There was much irony around Brise’s start in F1, as he debuted for Frank Williams in a FW03 at the Spanish Grand Prix in Montjuich Park, in April. He finished seventh.
It was, however, a race tainted by tragedy as several spectators were killed when Rolf Stommelen, driving the Embassy Hill, vaulted in to the crowd after a rear-wing failure.
With Stommelen injured, Brise was given his chance by Hill and so began his all-too-brief Embassy Hill F1 career. At Zolder, he qualified a sensational seventh, before retiring with a cooked Cosworth engine.
“Tony was all about natural talent and Graham saw that, which is why he looked after him so well,” opines Flux. “They were close, you could see that.
“Graham loved Tony, and he was like a grown-up son to him, he really believed in Tony.”
“When you look at it after what happened with Tony, it is easy to say he would have gone on to win Grands Prix, etc. But genuinely, given the right opportunity, I don’t think there is anyone who would say he wouldn’t have done that. He was too bloody good.
“You know, I used to have a massive ‘chip on my shoulder’ about Nigel Mansell, because I raced against him and beat him in F3, and after a few years in F1 he was nowhere near winning a race.
“But my attitude changed when he won his first Grand Prix at Brands. Still took him five years, though, when I reckon Tony would have taken two at most.
“I could see Tony in that Williams in 1980, and he would have walked the title I’m sure,” says Flux.
“Jonesy did a great job but I am sure that Frank [Williams] would have loved Tony in one of his cars. That would have been a bloody good match-up.”
Brise starred again at Zandvoort and Anderstorp, scoring a championship point at the latter. Monza too exposed his massive potential and he qualified the GH1 in sixth, ahead of Messrs Hunt, Reutemann, Peterson and Andretti among others in only his ninth Grand Prix.
The magic carpet ride though would come to the most appalling end. On the way back from an encouraging test at Paul Ricard on Saturday, November 29th, he was lost, in a split second, forever.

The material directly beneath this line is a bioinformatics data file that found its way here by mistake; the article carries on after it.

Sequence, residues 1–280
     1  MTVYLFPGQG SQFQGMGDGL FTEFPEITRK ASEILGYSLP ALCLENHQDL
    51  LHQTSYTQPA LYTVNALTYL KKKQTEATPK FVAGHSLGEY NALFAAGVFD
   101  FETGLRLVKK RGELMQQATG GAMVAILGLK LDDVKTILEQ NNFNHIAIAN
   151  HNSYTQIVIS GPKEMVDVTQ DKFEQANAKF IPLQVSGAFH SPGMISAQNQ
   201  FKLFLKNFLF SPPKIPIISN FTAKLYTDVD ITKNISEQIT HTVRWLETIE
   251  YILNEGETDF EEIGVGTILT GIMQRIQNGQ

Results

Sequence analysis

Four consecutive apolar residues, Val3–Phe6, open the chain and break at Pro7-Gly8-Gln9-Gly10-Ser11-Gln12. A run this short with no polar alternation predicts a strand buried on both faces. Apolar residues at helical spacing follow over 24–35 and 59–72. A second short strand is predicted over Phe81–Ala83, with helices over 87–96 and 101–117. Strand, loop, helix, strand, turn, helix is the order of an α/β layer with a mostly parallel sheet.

“The last telex we got at the factory was positive because they had taken a GH1 and GH2 down there and put the back-end of the GH1 on to the monocoque of the GH2,” recalls Flux.
“So the last message was: ‘Car now brilliant, test ended, see you Monday morning’.
“The first I knew about the accident was when I was coming back from seeing Queen playing in concert. I’d met this girl there and was driving her home to Cranleigh, listening to the radio in my Volkswagen caravanette.
“It came on the news that a plane had come down at Elstreee. I just knew it was them. I found myself in this crazy situation where I was introduced to her parents and the first thing I said to them was ‘I need to borrow your phone, because I think my friends might be dead.’
For Flux, it was a pivotal moment in his young life, and he almost unconsciously struck a deal with himself to savour every minute of life.
“I went to all except Graham’s funeral,” says Flux. “It has stuck with me always. Going to so many funerals in five days, well, it affects you.
“Looking back on it now, I think it gave me the realisation to live life for every day. Accidents do happen, and it would be terribly sad if you hadn’t enjoyed life when it was your turn to go before you think you ready to.”
Nick Jordan is unequivocal on what Brise’s legacy is – that of a winner.
“Without a doubt he would have won Grands Prix and maybe more,” he says. “You have to look at who he was up against in those days. Alan Jones went on to win the title [in 1980].
“Tony was exactly the kind of driver who would have excelled in late 70s and early 80s F1 cars. He was a pro and he understood race cars from an engineering perspective.
“His life was cut short at 23 years of age. It’s like Bianchi this year, a bloody tragedy. What can you say about something like that? Not much, it’s just an awful waste of life and potential.”
Forty years on, and Flux is still clearly moved by what occurred that foggy November evening, when so many lives were turned upside down by the tragedy on Arkley golf course.
But, the memories of Tony Brise will forever permeate through the awful end to his brief but brilliant life.
“I still see Janet [Tony’s widow] most years at the British Grand Prix,” Flux says. “There is a bench outside the BRDC.
“We sit on it, have a beer and talk about Tony. It’s always a bright conversation, full of good memories.”
Motorsport.com would like to thank Ian Flux and Nick Jordan for their input